Now comes his Double-Play District Attorney Debacle.

Play 1.   Morelle carefully orchestrates kicking DA Mike Green upstairs to a federal judgeship, expressly to open the seat for Morelle's preferred choice, Judge Frank Geraci.   No small feat, using lots of political capital.

When Morelle can't deliver either the Independence or Conservative lines on the November ballot for Geraci, the judge opts out.   After all that effort and political capital spent, Morelle winds up stuck with the candidate he didn't want in the first place, Sandra Doorley.

Play 2.   Recognizing the handicap to candidate Doorley of having only one line on the ballot, versus Republican Bill Taylor with three (R, C and Independence), Morelle scrambles to secure the Working Families line for Doorley.

Should be easy, right?   The WF Party is a collection of some core Democratic constituencies, formed to give Democratic candidates another ballot position.

Yet the Working Families Party in Monroe County thinks so little of Morelle, and is sufficiently concerned about a late-starting Doorley campaign that it endorses ... Republican Bill Taylor.

A panicked Morelle runs to the State WF Chairman, who orders the party's Monroe County committee to rescind its endorsement of Taylor.   As it then does.   What it won't do, however, is endorse Doorley!

Outcome:   the Working Families line on the November ballot will present no candidate for District Attorney.   Sandra Doorley goes into the election with but a single line on the ballot -- the very issue that caused Geraci to punt on a race for DA.

Nice going.

One might ask why Monroe County Democrats want Morelle as their chairman, but maybe the more salient question is, at this point, why does he want to be?

Surely the Governor can find a well-paying sinecure for the poor guy to end his misery.


Thursday, August 4, 2011

Statement regarding potential sale of PAETEC

The news this week of the potential sale of PAETEC to Windstream and the effects that it may have on Midtown once again show that there is a need for new leadership in City Hall. In no way should the process have moved this far along without a more binding agreement being made between PAETEC and the City of Rochester.

Strong and clear leadership was clearly left wanting while blind hope and pandering ruled the day. As we have unfortunately become accustom, City Hall proved again what happens with lack of foresight and common sense.

While I agree that Midtown mall needed to be demolished, it does concern me that City Hall was able to be towed along as far as it was without any contracts in place. Actions of this nature are unacceptable. When elected to City Council, I will advocate for the public and oppose such willful pandering and bring the strong and clear leadership that the City so desperately needs.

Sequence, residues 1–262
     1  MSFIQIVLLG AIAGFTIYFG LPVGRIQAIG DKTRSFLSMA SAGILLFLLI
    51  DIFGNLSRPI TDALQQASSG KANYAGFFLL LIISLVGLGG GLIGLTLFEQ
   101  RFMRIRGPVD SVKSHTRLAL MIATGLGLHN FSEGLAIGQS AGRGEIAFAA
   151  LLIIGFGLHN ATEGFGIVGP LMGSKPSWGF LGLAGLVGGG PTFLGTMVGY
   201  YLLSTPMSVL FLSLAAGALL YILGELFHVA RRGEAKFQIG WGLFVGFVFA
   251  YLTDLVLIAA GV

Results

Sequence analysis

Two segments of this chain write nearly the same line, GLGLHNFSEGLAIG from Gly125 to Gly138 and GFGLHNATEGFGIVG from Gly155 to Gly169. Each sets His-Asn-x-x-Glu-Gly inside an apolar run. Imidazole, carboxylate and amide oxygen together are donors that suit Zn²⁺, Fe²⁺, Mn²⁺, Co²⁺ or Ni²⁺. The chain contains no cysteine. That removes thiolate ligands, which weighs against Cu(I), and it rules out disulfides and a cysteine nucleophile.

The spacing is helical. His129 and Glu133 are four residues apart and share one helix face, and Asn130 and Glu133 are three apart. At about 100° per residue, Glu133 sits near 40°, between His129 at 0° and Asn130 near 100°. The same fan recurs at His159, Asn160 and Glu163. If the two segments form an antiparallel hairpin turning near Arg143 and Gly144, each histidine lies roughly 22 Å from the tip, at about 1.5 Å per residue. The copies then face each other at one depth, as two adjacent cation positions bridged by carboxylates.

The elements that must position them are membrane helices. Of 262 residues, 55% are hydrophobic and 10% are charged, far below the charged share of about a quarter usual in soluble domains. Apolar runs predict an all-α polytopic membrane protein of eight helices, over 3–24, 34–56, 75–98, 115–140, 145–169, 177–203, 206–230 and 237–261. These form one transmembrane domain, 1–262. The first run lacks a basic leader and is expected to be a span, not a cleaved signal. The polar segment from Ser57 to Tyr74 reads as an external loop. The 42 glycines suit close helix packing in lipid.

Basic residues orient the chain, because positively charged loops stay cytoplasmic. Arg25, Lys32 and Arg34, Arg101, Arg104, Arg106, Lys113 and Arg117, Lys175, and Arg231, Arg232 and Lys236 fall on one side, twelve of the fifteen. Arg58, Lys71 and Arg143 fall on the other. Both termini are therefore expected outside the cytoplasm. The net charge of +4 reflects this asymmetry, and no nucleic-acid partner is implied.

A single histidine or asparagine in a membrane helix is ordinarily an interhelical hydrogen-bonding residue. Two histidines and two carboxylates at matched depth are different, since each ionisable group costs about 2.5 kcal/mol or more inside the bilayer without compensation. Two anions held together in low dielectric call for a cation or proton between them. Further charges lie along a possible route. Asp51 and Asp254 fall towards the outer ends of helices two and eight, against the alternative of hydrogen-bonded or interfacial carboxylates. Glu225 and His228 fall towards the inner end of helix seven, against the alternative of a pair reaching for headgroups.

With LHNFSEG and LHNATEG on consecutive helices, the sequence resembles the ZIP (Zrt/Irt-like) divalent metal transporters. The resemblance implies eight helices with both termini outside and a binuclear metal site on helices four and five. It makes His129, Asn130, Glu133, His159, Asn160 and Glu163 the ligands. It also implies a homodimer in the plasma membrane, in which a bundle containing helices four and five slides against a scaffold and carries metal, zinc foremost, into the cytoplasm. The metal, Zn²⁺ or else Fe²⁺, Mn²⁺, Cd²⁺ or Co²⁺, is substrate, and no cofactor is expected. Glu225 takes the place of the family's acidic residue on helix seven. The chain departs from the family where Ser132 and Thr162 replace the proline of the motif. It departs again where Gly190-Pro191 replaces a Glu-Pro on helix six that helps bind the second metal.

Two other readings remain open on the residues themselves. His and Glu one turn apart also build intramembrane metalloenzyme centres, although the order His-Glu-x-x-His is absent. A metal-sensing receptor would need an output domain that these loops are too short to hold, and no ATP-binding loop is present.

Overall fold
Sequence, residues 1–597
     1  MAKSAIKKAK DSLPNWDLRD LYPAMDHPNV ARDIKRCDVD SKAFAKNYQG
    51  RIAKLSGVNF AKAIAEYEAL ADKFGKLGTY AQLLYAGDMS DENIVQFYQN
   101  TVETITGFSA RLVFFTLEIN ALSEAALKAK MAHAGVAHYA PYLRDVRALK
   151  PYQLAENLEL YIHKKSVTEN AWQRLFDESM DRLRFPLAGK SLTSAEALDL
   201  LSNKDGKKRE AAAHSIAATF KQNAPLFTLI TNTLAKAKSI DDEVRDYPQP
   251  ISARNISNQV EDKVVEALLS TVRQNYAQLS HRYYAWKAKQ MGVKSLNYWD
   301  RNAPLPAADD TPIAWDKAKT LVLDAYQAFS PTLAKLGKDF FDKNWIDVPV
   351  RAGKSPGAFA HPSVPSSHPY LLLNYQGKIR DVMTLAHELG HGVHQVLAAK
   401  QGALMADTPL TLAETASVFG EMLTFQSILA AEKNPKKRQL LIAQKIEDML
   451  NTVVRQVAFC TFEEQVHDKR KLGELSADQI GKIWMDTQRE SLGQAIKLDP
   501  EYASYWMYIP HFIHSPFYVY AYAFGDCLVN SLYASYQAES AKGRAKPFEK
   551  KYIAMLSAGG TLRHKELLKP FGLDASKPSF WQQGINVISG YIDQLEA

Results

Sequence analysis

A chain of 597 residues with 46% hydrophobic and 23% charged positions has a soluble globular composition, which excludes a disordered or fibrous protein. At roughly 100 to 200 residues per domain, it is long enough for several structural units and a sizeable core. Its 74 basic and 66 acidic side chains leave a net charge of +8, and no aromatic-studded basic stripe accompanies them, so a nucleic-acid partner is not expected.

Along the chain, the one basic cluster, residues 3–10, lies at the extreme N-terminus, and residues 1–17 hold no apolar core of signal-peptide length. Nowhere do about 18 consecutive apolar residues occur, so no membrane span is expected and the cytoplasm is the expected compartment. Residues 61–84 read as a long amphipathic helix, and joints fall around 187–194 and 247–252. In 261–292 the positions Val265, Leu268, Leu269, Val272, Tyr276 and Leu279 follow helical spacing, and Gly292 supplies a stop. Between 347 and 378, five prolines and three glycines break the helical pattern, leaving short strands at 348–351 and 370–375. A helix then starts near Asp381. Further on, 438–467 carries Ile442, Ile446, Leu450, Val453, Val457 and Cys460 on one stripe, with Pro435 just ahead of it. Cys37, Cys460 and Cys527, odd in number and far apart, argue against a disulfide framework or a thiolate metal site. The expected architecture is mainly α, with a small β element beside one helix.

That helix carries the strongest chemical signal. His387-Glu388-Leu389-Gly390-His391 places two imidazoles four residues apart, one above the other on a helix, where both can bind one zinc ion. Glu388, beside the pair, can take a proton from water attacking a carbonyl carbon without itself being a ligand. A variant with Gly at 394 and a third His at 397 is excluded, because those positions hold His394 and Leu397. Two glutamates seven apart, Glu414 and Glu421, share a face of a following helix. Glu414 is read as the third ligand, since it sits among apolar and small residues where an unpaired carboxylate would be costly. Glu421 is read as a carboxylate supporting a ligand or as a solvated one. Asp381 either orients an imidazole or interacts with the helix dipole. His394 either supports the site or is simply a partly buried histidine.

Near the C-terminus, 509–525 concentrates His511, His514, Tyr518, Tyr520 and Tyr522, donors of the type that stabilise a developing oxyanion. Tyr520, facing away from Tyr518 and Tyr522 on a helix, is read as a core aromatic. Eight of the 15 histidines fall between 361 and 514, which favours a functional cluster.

Wednesday, August 3, 2011

Fellow Terrorists:

Here on Mustard Street we believe, among other things, that the government spends too much money.   We believe as well that the American people already pay quite enough in taxes and shouldn't have to pay even more.

Apparently there's a word for people who think like us:   terrorists.

It must be true, because I read it in the New York Times.

Oh, and Governor Cuomo must be a terrorist, too.   He balanced the state budget with spending cuts only, and refused to raise taxes.

There are even more names for us.   Hostage-takers.   Jihadists.   Carjackers with a gun.   All that, and more:

... a compound of all that is unclean, uncanny, unwelcome, abnormal and detestable. It was the ghoulish shade of decay, antiquity and desolation; the putrid, dripping eidolon of unwholesome revelation; the awful baring of that which the merciful earth should always hide.
The Democrat and Chronicle editorializes today about January's "dialogue" -- actually, more of a monologue -- about "harsh partisan rhetoric."   The D&C should tell it to their side.

Meanwhile The Washington Post expiates its columnist Ruth Marcus's "carjacker" slur by writing today about how liberals are in denial over their own incivility.

The Left in this country does not react gracefully when the people push back.